Global Development Institute Blog

Professors Khalid Nadvi and David Hulme, current and former managing directors of GDI

Last week saw the merger of the FCO and DFID, to create the new Foreign, Commonwealth and Development Office (FCDO).

In the midst of a global pandemic, we believe it’s absolutely essential that DFID’s focus on reducing poverty, addressing inequalities and promoting multilateral cooperation is maintained. But at the same time, there’s an opportunity for the FCDO to think about development beyond aid programmes, as a dynamic global process that goes far beyond the traditional conceptions of ‘international’ development.

We have worked closely with DFID since its establishment in 1997 particularly on identifying and addressing chronic poverty, promoting the social protection agenda, deepening the contribution that global value chains (GVCs) make to well-being, developing pathways towards environmental sustainability, understanding the ways in which politics shape development outcomes and building better urban futures, especially in sub-Saharan Africa.

Launched under the dynamic and (often) forceful leadership of Clare Short, DFID became one of the world’s leading development agencies in the early 2000s. Its shift from a narrow focus on delivering aid projects to an ambitious agenda of promoting pro-poor global development was influential around the world. It shaped thinking in many of the leading international bodies- from the World Bank to various UN agencies, and it helped drive a global effort on poverty reduction. DFID’s support of the MDGs as a way to re-shape international social norms should be particularly lauded. Not only did they help focus poverty reduction efforts nationally and internationally, the MDGs laid the groundwork for the more ambitious and equitable Sustainable Development Goals.

Since 1997 the world has changed enormously. Millions of people have escaped from chronic poverty, enabling many countries to assume a positive and assertive view of their own development trajectories. Yet at the same time, inequalities within many countries have grown, climate change has accelerated, and multilateral cooperation has atrophied.

This year, the Covid-19 pandemic has brutally exposed the continuing vulnerabilities in our more globalised era, especially the linked vulnerabilities around poverty, inequality and sustainability. This is a critical juncture in our understanding of how the world works, and how we in the UK work to build a better, more socially just and more sustainable world order. The challenge for the FCDO is to retain the most effective elements of DFID’s agenda, but to conceive of it in a broader, more universal framing. We think that the idea of global development captures this well.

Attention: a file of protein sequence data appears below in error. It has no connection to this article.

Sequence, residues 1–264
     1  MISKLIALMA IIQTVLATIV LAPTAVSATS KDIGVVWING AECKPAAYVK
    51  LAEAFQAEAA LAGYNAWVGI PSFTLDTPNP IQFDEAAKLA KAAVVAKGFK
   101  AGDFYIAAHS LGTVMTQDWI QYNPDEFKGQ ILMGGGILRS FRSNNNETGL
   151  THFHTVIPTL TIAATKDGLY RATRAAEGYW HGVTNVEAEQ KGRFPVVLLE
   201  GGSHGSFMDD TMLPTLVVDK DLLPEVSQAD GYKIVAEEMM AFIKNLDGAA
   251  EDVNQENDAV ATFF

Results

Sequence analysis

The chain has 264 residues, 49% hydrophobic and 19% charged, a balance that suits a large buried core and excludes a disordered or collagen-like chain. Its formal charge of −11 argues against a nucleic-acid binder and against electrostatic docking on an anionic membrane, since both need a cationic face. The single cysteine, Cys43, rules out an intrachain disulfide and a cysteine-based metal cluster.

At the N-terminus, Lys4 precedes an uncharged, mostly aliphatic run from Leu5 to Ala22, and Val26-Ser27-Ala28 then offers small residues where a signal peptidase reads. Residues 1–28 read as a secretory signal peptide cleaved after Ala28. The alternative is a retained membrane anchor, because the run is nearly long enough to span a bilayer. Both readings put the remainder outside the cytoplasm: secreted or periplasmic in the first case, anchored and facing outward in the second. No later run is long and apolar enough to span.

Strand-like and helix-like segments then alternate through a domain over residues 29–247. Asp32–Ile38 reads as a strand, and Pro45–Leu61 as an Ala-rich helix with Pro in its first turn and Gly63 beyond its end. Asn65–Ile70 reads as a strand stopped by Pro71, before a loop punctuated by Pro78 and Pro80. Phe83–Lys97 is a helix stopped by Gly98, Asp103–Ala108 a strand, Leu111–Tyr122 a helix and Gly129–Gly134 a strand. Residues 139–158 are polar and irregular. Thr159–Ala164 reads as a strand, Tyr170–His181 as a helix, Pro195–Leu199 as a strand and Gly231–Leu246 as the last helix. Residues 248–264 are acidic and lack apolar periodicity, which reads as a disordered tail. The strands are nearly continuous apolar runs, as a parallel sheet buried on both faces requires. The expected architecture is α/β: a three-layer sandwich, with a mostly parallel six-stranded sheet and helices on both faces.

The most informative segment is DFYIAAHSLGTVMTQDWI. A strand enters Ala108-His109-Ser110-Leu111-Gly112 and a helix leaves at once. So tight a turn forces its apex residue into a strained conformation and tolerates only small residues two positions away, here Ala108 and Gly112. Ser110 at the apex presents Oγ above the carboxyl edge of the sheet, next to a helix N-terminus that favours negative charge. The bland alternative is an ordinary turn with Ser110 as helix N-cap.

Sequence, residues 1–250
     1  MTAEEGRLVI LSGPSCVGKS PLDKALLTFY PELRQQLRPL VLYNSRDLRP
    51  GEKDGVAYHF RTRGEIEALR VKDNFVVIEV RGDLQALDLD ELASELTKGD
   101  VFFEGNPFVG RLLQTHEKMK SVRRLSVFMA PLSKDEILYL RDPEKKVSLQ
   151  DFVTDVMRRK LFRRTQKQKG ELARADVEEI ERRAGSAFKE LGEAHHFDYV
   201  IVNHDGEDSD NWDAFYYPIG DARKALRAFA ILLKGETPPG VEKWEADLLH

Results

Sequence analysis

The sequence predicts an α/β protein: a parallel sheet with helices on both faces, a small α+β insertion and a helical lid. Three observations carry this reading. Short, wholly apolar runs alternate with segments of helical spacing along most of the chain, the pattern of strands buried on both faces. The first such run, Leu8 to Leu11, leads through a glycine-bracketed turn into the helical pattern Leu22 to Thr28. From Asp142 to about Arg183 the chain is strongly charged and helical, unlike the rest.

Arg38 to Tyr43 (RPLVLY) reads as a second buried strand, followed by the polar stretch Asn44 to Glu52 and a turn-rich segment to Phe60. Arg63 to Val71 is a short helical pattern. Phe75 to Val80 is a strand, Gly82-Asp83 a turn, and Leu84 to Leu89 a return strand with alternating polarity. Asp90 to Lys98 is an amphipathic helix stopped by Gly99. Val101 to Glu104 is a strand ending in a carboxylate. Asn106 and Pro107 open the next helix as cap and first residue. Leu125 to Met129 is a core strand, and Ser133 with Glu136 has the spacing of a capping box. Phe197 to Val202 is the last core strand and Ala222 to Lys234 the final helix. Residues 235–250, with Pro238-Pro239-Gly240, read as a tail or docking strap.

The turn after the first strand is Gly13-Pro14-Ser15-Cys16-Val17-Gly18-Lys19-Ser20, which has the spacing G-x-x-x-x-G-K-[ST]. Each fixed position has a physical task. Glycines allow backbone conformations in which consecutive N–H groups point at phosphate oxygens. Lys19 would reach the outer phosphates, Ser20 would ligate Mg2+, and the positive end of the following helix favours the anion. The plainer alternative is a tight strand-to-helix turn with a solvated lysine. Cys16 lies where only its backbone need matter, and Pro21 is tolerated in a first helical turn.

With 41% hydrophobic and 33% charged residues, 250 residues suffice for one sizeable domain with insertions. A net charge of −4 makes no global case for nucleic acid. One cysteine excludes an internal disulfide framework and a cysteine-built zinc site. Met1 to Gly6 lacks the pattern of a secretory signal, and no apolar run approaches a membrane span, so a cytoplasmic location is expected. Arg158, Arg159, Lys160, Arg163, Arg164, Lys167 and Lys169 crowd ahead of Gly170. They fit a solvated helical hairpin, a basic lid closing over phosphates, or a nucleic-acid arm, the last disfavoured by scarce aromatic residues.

Covid-19 is a prime example of a development challenge for all countries, through the failure of public health as a global public good. The pandemic has highlighted the falsity of any assumption that the Global North has all the expertise and solutions to tackle global challenges, and has further highlighted the need for multi-directional learning and transformation in all countries towards a more sustainable and equitable world.

FCDO will need to be part of the process of thinking and building towards a better post Covid world in which promoting global sustainable development goals are at the very heart of international relations. This will require new ideas and new ways of working. It will require a reconsideration of how global trade and global, regional and local value chains are constructed in ways that build local capabilities, strengthen local communities, address sustainability challenges and reduce inequalities in the Global South and the Global North.  It will require thinking more carefully about the incorporation of new technologies, the use of digital processes and data management to build more effective public infrastructures across the world. It will also require a more participatory and inclusive models of terms of the politics of development, recognising the agency of local actors and local processes in shaping new and better outcomes. And, finally, addressing the climate challenges will be paramount in bringing about a sustainable world for future generations to enjoy and thrive in.

Global development cannot be brought about through a narrow nationalist vision based on the interests of UK plc. Britain’s global interests and global influence can only be effectively achieved if it engages in a global and multilateral rules-based order that ensures that the interests of the poor and marginalised are central.

DFID’s focus on reducing extreme poverty and its energetic promotion of the need for multilateral action to achieve the MDGs and more recently the SDGs has benefited poor people around the world and has enhanced the public image of the UK in so many countries. We hope sincerely that FCDO can build on the extraordinary legacy it is bequeathed by DFID. This will be challenging because of Covid-19, but it also needs to be an opportunity for a clear-eyed reflection for how the world, and development has already changed. We, at the Global Development Institute, as one element of the international knowledge system, look forward to building on our long-standing ties with the ‘old’ DFID and working with the ‘new’ FCDO.

 

Photo by Hans-Peter Gauster on Unsplash
Note:  This article gives the views of the author/academic featured and does not represent the views of the Global Development Institute as a whole
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